Montenegro, Biograd mountain

Montenegro, Biograd mountain

The Biograd mountain is a unique natural reserve of Montenegro, which is still called the Princely Reserve. This is due to the fact that in 1878 Prince Nikola Petrovich appreciated the uniqueness and beauty of this place, ordering him to guard it. The territory was donated to him after Kolasin was released from the Turks. In 1952 the Biograd mountain was granted the status of a national park.

A reserve is located in the northeast of Kolasin, between the deep-water Tara and Lim rivers, in the center of the mountain range. Its total area is 54 sq.m, including 1600 hectares of virgin forest, six glacial lakes, as well as peaks and slopes of mountains. The highest point is the famous mountain Črna-Chapa, it is at the level of 2139 meters.

Primordial forest grows at various altitudes above sea level (850-1800 m). To date, scientists have identified 86 species of trees growing in the reserve. Some species reach the age of more than a thousand years, and the width in the girth is up to one and a half meters. Among hardwoods in the park there are beeches, maples, lindens. Coniferous tree species are represented by juniper, fir and pine mountain. Also there may be elms and yew.

Flora and fauna of the Biograd mountain is striking in its variety: more than 2000 thousand species of animals, as well as more than 200 species of birds. Among other things, the reserve is home to various insects, amphibians, reptiles and fish.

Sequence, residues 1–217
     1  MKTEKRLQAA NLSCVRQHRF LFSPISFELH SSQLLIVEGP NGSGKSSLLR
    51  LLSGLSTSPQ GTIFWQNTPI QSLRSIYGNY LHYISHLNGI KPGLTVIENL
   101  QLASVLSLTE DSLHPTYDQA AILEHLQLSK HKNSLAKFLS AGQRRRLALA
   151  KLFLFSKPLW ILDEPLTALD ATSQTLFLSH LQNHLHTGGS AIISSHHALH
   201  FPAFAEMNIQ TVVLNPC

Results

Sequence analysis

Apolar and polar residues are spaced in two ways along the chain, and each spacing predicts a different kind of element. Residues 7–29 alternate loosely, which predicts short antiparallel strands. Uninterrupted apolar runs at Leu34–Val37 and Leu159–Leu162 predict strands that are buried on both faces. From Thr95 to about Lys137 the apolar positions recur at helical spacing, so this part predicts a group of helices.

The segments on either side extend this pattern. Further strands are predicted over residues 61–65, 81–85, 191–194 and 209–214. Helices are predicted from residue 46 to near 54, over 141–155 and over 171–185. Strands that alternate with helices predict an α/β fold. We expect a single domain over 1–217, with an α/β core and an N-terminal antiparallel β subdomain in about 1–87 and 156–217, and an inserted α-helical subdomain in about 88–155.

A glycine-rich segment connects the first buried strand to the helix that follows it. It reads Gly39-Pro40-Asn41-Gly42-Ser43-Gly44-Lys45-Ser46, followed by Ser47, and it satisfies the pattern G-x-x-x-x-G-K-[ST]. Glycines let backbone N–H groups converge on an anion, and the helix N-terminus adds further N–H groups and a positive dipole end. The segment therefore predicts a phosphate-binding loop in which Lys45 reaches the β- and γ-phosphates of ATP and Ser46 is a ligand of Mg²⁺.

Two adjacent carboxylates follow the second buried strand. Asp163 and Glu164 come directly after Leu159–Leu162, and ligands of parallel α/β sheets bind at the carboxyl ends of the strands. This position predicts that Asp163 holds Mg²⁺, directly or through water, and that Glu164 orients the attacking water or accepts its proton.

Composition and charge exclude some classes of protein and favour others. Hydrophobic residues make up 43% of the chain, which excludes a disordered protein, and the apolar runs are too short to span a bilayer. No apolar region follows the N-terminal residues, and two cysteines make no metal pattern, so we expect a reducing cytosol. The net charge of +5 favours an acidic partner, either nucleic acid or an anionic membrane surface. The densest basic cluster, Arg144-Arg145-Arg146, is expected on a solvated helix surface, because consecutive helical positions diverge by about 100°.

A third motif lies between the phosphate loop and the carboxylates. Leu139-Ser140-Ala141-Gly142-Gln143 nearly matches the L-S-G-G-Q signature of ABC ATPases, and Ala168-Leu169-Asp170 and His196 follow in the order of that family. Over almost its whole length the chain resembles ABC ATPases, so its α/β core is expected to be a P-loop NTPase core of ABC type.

Among the broad meadows of the reserve are scattered katuny – this pasture with small shepherds’ huts and pens especially for cattle. In addition, there you can see other traditional buildings, such as water mills, log huts, and special mountain huts called “savardakes”.

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With regard to water bodies, the largest in the park is Biogradskoe Lake, which is located at an altitude of 1,094 meters above sea level. In depth this glacial lake reaches 12.1 meters.

In the river Tara and Biogradsk lake there is a huge number of different types of fish, including: minnow, brown trout, Arctic char, Danubian salmon and European grayling.

Another lake, which in size follows Biogradsky is Lake Pecica. In addition, it is worthwhile to see other lakes of the reserve: Small and Large Ursulovac, Small and Large Siskies.

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